This is perceived by the markets as the company being fundamentally very strong, having healthy reserves and of course, the investor’s wealth increases with further appreciation in the market price appreciation due to increase in investor confidence.
Effect on the Balance Sheet
In case of a stock split, there is no real impact on the Balance sheet of the company except there is an increase in the share capital of the company and the face value of the authorised shares capital reduces.
For Bonus shares issued, the total outstanding shares of the company increase but does not impact the cash flow of the company. Such bonus shares are issued out of the Reserves of the company.
Effect on the Investor Portfolio
For the investor in the company announcing a stock split, his total invested quantity will increase. But as the Face Value decreases, the market price will also be adjusted and hence there is no significant gain.
This is unless the market price of the share appreciates due to the reduction in the market rate due to new demand in the stock at a lower market price.
In case of bonus shares, the investor gets extra shares for free but the market rate is adjusted in the Bonus ratio and so his invested value remains the same. Only when the market price of the share appreciates the investor is able to gain value on his investment.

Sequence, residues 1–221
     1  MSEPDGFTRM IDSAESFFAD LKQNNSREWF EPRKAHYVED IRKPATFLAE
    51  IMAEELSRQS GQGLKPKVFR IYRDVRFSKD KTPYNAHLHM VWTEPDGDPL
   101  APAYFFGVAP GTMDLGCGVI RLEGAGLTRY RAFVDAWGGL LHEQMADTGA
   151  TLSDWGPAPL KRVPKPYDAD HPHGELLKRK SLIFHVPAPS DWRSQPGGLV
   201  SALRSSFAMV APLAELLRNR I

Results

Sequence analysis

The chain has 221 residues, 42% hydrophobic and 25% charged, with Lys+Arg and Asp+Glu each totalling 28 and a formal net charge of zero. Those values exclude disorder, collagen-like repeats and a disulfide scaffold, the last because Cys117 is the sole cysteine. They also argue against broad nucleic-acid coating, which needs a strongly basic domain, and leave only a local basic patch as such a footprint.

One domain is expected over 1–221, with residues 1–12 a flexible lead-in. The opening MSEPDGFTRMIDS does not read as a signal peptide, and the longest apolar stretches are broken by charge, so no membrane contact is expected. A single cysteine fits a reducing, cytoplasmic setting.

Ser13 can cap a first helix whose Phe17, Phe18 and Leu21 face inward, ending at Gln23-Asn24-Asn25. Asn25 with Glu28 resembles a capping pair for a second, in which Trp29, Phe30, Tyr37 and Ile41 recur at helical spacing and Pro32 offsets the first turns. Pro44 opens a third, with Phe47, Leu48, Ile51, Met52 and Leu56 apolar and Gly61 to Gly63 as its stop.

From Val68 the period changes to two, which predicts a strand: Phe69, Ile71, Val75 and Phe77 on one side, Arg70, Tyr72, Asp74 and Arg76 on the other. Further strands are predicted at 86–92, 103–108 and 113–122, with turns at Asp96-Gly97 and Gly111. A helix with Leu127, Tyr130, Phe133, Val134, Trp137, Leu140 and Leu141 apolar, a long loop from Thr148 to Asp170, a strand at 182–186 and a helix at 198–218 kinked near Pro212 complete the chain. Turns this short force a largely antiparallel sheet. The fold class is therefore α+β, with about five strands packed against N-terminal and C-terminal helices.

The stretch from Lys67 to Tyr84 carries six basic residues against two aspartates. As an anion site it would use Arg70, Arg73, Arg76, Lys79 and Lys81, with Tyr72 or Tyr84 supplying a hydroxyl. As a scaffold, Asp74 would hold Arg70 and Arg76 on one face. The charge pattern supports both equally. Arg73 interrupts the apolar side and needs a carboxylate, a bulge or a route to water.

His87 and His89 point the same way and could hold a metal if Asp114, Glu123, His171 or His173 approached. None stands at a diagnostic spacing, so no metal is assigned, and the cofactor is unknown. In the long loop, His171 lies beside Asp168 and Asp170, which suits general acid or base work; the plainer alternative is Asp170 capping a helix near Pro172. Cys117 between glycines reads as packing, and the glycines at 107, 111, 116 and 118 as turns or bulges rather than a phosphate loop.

It has been observed that whenever any company announces a bonus issue the price always appreciates even after the record date.
Conclusion: Stock Split vs Bonus Issue
We have seen that Stock Split and Bonus Issue are two different corporate actions undertaken by a Company. Though they are quite similar in their effect on the balance sheet and investor’s wealth, they are not the same.
Stock Split is undertaken to increase liquidity and control the market price of the shares, Bonus Issue is to reward the investor for the confidence shown in the company and the reward is not a burden on the cash flow of the company.
Only a fundamentally strong company undertakes these corporate actions. So always stay invested in fundamentally strong companies by studying why and what makes them fundamentally so strong.